Next, we need to handle the response. Once it comes in JSON format and considering we are interested on a small portion of that return, it will be better for us to transform that response in an actual object, so that we can easily interact/manipulate its properties and values.

That’s the reason by which the next step in our flow is “Parse JSON”. All we have to do here is to define where in the HTTP response the JSON we are seeking for is sitting at (in this case, Body) and then set up the object’s schema it will be converted to. With that, the task will know how to properly handle the incoming JSON. Figure 33 depicts the configuration I have in place.

Figure 33. Transforming HTTP response in JSON object

Next, we need to iterate within object’s properties. If you noticed, there is an array in the HTTP response called “WebServiceOutput0”. This array has the ability to host multiple Scored Labels, depending on how the output of the model was configured. In our case, by design, we will always have one output. However, the service groups the scored label information within an array, reason by which we need to iterate over.

To do so, I will leverage an “Apply to each” type task to iterate over array’s items and combine it with the “Append to string variable” task within each iteration, so that we can set up the returning variable (scoredLabel we initialized at the beginning of the flow). This iteration will run once. Figure 34 presents that configuration.

Figure 34. Iterating over array “WebServiceOutput0” to capture scoredLabel

Finally, all we have to do now is return the final result of our flow back to our Bot. As the result is been held by variable “scoredLabel”, we can simple return it from “Return value(s) to Power Virtual Agents” task, as presented by Figure 35.

Figure 35. Returning scored label to called Bot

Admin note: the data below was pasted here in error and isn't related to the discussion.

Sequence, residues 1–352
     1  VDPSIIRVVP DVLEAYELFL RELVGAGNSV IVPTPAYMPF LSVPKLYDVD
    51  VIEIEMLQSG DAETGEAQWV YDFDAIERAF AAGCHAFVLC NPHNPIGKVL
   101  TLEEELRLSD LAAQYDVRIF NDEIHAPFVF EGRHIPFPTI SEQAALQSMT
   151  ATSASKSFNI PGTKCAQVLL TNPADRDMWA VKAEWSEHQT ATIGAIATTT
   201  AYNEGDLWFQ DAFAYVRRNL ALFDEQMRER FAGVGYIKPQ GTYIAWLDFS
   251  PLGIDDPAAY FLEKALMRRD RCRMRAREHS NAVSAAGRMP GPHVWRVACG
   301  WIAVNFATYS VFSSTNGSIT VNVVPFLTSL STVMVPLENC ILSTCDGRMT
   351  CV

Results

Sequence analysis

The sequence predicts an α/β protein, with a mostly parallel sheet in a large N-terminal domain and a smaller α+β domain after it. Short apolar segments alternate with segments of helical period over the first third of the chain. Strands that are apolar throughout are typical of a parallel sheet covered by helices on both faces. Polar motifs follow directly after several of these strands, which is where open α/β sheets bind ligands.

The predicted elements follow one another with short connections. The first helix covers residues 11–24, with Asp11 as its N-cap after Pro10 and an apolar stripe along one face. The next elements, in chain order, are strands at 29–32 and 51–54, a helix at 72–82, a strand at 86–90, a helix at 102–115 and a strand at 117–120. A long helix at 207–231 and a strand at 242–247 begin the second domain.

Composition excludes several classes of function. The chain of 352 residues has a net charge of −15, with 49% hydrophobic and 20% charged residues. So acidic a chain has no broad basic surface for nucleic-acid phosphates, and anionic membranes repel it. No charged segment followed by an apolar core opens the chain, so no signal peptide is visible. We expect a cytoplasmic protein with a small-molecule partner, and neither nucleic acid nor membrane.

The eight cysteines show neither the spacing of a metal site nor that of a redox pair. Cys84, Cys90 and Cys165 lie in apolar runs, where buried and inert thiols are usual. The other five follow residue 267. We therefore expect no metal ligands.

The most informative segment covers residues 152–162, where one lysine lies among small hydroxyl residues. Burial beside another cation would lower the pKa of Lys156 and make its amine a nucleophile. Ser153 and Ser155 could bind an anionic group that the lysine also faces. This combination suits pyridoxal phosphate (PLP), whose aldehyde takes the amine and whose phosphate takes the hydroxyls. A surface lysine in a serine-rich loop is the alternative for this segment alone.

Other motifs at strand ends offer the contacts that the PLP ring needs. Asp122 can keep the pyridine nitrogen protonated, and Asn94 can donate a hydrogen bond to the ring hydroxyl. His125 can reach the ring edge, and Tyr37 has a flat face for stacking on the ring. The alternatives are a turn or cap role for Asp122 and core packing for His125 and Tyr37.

Back to PVA’s canvas, the final step to complete the HTTP call is to bound back every Bot’s variable with the parameters being expected by the Power Automate flow we just finished. We do this by editing the action node card previously created for the external call. Figure 36 shows how your card’s configuration should look like.

As you can see, we have three sections in this card. The first one shows each Bot’s variable being bounded to a flow’s parameters. The second section shows which flow we are calling to. The third section shows the value we’re getting back from flow. Pretty neat, huh?!

Figure 36. Action call final set up

Step 5: Upon return with proper results, our Bot will then present the results to the final user

All good thus far, so at this point, we should be ready to display the prediction made by our predictor API to the final user via Bot.

We know by a fact that, if the “scoredLabel” returned is greater than 200, it is a clear indication that the patient asking for the prediction will be diabetic again in 12 months, which is not true if that number doesn’t hit that limit.

So, what we’re going to do is to put together a condition that evaluates “scoredLabel” on the exact same terms I mentioned earlier. If it is greater than 200, show a warning message. If it is not, show a congratulations message, as depicted by Figure 37.

Figure 37. Evaluating HTTP call’s return and advising user

Let’s give it a try? Sure. For this, we’re going to use our “Test bot” window, which has been following our Topic’s canvas along the way. To start the action, just send a “hi” or whatever greeting that comes to your mind. Figure 38 shows what I had after entering all the values.

Figure 38. Testing the conversation flow and bring external results from API call

Step 6: Then, our Bot asks if they would like to see recommendation based on similar cases

If the user is currently under 200 level, then our Bot congratulate him/her and finish the conversation. Now, what happens if they’re not doing a good work and their levels are running higher?

Well, then we try to help a bit more by proposing some recommendations based on similar cases we found on another dataset. To do that recommendation, we rely on a different AI model, designed specifically to do recommendations based on certain aspects being measured.

This is going to be the subject of our next article in the series. We’re going to spin up the Recommendations API and have our Bot set up to communicate with it.

Stay tunned!